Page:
By all statistical [materially obnoxious] measures, I had a great year – successful, exciting, remarkable. At the same time, I don’t remember another year when I felt so unsatisfied with myself, perplexed, and mortally exhausted. You know, like, you’ve done something good for yourself but there is no time or energy left to celebrate what you’ve just accomplished.
Highlights of the year (in no particular order): receiving the EU citizenship, turning around uneasy work situation, Basel Art in Hong Kong and in Basel, FIAC! in Paris and Venice Biennalle, Pavel back home and working for Amazon with my former colleagues (more news to come 🙂 soon), Andrey working in Switzerland, first ever cruise vacations survived (“so-so” or perhaps it’s just an acquired taste), more balanced understanding of Middle Eastern political driving forces, lots of thoughts about Turkey and Russia, incredible meetings with senior leaders of world most important FOREX platforms, 4 new countries visited…
Side effects: smaller number of read books, substantially smaller number of blog posts, very few parties attended while unpainted ceiling remained unattended, multiple unopened magazines piled up.
I joined PayPal to assume a role, which turned out to be unavailable. Several important decision-makers who hired me left the company within weeks after I started. I was valued, needed and had lots of projects, but it was all fuzzy – no career path, rewards and recognition diluted, receiving guidance from multiple managers… Not ideal.
I turned it around: gained visibility faster than I’ve ever thought possible, expanded my new role beyond anything that existed before, cultivated extraordinary mentors who’ve challenged me all the way, criticizing my work as long and as hard as needed for me to get angry and make it perfect… I am still a bit scared every morning before opening my inbox, in the beginning of each problem I have no idea what I’m going to do. Most importantly, I feel like I am building trust and respect with my new manager and I have all the freedom in the world to do what I think is right (or necessary). It was not easy and it could have gone either way.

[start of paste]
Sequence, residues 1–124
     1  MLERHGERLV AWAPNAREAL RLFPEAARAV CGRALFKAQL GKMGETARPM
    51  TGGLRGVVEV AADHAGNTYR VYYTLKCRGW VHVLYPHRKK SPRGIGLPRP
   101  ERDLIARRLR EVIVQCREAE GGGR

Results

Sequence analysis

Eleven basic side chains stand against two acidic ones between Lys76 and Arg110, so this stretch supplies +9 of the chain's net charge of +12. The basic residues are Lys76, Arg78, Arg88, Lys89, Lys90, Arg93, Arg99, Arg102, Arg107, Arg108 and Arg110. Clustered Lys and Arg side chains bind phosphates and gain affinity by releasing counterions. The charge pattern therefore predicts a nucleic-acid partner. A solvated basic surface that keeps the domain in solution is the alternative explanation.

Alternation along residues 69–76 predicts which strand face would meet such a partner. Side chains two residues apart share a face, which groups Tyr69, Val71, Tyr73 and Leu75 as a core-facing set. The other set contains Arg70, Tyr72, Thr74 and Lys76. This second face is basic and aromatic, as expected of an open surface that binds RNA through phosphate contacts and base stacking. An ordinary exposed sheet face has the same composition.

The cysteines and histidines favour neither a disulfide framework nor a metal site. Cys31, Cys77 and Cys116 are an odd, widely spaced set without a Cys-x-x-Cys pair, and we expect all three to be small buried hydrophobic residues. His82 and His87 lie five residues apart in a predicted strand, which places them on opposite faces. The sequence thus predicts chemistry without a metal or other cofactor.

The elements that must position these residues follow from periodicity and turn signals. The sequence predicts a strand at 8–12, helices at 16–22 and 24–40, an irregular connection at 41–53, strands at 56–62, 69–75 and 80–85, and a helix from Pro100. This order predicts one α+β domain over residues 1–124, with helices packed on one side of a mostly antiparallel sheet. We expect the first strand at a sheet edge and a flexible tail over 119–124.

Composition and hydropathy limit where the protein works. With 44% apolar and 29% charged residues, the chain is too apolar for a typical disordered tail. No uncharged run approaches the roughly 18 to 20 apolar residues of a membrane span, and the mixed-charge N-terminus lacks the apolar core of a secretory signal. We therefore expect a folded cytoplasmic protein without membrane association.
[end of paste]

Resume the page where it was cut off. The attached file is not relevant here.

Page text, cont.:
Here are my personal turnaround lessons (or how to survive an interim phase and make the most of it):
- You may or may not have a manager in your interim situation, but either way, you know it won’t last. Try to informally enlist several influential leaders to act as your interim managers (per project, per country – whatever) so that people know what you are doing and give you feedback. Your worst strategy is to fly below the radar and hope for the best.
- Reach out to as many senior leaders as you reasonably can and make sure they know your situation needs to be fixed. Don’t complain, ask for projects and guidance and point out how this interim situation is inefficient for the company or/and prevents you from doing your best.
- Learn like never before. You don’t know where you may end up, so build as many skills, experiences and networks as you can. Volunteer for projects, join taskforces, offer to project manage other people’s initiatives. Warning: pick the right projects and right experiences – something new, popular in the organization, with big budgets and leaders who are on the rise.
- Cultivate mentors. There will be many instances when you receive conflicting instructions or mixed messages or even an offer to join a different team. You will be frustrated and may be tempted to say “yes” to anything. Your mentors will tell you what’s right for you. Don’t choose mentors who praise you or comfort you. Find ones who will be brutally honest and challenge you (for your own good).
- When it’s all over, take some time off, recharge and contemplate what you’ve just accomplished. Our brains too need detox.